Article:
School may be out, but 38 fortunate kids from Dayton Elementary School have many fond memories to carry them through their summer vacations, and perhaps the rest of their lives.
On June 6, Dayton’s kindergarten through sixth-grade students enjoyed the last field trip of the season with a visit to Flathead Lake Lodge.
A day of dude ranch activities, including a horse shoe treasure hunt, trick roping, horse painting, searching for antlers in the forest and riding on a fire truck through an elk preserve all awaited them.
Dave Hafer, a retired oral and maxillofacial surgeon living near Lake Mary Ronan and a big supporter of the school, spearheaded the field trip. He was as fired up about the adventure as the kids were.
“In my mind, school serves two purposes,” Hafer said. “To learn the basics — reading, writing and arithmetic — and to discover the gift within you. Each child has a unique gift, a talent to share with the world, and it takes exposure to many different things in life to realize what that gift may be.”
The excursion to Flathead Lake Lodge provided the kids with an experience in nature, a glimpse into what living and working on a ranch might be like and an opportunity to learn about the elks’ habitat, as well as the care of the animals.
“Hopefully the kids will develop an appreciation for nature as they age, and they’ll have more concern about our natural world,” Hafer said.
Throughout the school year, Hafer has been supplementing what the teachers are already doing by bringing in various guest speakers and presenters — professionals such as doctors, artists and musicians to provide the kids with unique experiences and a better grasp of what life has to offer.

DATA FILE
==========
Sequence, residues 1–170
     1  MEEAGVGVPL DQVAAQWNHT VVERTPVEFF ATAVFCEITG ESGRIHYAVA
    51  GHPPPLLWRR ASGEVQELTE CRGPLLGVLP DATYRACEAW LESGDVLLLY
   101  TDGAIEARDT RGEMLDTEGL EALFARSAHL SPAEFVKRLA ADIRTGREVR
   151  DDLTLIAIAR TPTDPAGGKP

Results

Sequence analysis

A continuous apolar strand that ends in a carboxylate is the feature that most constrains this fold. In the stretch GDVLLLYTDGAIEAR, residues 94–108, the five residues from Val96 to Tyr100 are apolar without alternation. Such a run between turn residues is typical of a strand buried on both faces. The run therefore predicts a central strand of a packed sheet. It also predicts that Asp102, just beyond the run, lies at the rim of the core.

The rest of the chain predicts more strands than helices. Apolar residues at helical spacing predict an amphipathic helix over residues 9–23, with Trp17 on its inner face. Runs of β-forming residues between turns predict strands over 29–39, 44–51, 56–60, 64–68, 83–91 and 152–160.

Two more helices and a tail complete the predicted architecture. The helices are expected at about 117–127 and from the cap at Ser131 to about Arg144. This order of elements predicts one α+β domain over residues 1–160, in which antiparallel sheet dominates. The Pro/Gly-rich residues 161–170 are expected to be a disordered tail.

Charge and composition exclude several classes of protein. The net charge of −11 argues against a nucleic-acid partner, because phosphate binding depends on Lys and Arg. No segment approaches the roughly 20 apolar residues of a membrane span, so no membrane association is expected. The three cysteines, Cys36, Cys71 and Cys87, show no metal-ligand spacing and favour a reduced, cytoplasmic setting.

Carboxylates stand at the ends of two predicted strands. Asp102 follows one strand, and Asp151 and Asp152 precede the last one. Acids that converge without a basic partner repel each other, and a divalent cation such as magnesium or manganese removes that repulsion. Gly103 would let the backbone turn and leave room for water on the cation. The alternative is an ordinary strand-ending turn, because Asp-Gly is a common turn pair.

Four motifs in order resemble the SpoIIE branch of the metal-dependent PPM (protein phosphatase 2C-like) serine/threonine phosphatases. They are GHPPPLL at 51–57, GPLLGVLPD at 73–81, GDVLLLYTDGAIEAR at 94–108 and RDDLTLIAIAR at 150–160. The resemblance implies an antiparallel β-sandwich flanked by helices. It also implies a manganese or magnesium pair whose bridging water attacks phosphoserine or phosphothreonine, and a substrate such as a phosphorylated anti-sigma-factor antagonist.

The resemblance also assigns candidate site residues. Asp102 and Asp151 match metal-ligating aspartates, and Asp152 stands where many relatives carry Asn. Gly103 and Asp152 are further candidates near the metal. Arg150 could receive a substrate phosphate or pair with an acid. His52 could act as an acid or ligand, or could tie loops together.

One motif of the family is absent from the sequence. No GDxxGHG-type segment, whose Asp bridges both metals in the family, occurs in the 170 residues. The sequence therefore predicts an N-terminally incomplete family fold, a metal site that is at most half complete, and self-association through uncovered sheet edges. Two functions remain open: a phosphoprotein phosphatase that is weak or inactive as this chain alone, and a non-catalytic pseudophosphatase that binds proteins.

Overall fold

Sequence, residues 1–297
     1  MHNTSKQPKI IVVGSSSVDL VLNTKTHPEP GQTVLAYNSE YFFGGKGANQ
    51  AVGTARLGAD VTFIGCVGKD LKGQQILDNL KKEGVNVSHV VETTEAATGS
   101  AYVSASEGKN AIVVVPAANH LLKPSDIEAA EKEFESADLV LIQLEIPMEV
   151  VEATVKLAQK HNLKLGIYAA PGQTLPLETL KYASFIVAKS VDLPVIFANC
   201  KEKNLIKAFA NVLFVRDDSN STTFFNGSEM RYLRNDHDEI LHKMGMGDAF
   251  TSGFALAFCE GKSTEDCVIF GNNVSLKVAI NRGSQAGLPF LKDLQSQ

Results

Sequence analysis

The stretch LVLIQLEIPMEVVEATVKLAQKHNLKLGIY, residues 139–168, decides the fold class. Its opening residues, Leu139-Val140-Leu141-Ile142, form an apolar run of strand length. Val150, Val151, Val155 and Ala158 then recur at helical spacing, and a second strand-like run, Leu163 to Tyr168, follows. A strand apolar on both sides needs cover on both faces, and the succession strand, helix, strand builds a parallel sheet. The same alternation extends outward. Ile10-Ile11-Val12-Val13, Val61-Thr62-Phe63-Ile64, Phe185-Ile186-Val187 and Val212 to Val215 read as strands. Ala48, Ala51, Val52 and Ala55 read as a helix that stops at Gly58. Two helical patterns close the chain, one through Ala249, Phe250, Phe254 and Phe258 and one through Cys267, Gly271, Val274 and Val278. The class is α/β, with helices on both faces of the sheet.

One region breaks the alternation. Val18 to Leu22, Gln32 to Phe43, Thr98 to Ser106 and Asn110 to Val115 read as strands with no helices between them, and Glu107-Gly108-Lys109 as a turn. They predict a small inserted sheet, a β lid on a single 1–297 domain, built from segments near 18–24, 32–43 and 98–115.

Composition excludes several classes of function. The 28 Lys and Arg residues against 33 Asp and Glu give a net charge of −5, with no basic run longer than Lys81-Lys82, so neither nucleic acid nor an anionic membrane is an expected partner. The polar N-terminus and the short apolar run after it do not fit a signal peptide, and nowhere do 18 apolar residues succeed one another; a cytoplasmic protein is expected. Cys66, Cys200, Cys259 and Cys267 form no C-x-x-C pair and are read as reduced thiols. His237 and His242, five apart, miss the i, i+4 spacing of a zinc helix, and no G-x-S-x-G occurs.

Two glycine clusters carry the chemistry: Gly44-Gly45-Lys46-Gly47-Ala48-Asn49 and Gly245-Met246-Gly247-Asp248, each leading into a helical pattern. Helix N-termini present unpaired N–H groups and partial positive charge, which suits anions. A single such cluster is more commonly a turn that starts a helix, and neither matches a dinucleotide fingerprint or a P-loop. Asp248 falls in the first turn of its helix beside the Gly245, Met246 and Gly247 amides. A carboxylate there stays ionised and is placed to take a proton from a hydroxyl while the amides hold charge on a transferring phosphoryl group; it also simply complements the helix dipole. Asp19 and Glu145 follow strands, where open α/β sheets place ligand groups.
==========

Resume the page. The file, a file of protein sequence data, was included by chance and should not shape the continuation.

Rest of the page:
“This field trip is a great opportunity to teach the kids about nature,” said Doug Averill, who along with his wife Maureen, owns and operates the lodge.
The historic 2,000 acre guest ranch is located just south of Bigfork, on the lake. An elk preserve takes up nearly 500 of those acres.
The University of Montana has honored Flathead Lake Lodge with an ‘Institute Status’ for their efforts in educating students on environmental, socially sustainable and conservation efforts.
“We raise the elk for the pleasure of education,” Averill said. “It also makes for great photo opportunities, and serves as a form of fire protection as it keeps the underbrush thinned out.”
After a sack lunch on the shores of Flathead Lake, the kids, along with an assortment of teachers, volunteers, parents, grandparents and ranch staff piled into the lodge’s two fire trucks and traveled a short distance to the elk preserve.
“It was a bumpy ride, but really fun and seeing the elk was cool,” said Presley Learn, a sixth-grade Dayton Elementary School student.
Fifth grader Michael Mackey agreed. When asked what his favorite part of the field day was, he said, “Riding on the fire truck, and going fast on the highway. It was awesome.”
Currently, 35 elk graze the preserve with many of the bulls originating from Yellowstone.
These bulls were cross bred with bulls in Canada and are exceptionally large elk, Averill said. The animals are now 12 to 16 years old, which is full maturity. It’s a rare opportunity to see such mature animals in the wild.
“Of all the field trips I’ve been on for the last 35 years, this one is hands down the best,” said Kristy Bick, a full time volunteer teacher at the school.
Bick retired last year after 35 years of teaching grades kindergarten through college
“The field trip was very well organized and safe,” Bick said. “A quality experience.”
Back at the lodge, the final activity of the day was a treasure hunt of sorts, sending the kids scrambling off in search of golden horseshoes.
The horseshoe, Averill explained, is a symbol of good luck. The lucky charms were plentiful, and each child was able to take home a newfound treasure. Just prior to the kids clamoring back into the vehicles to return to Dayton, Averill reminded them to be sure and keep the tips of their horseshoes always pointing up.
“That way it will catch and hold good luck for you,” he told them.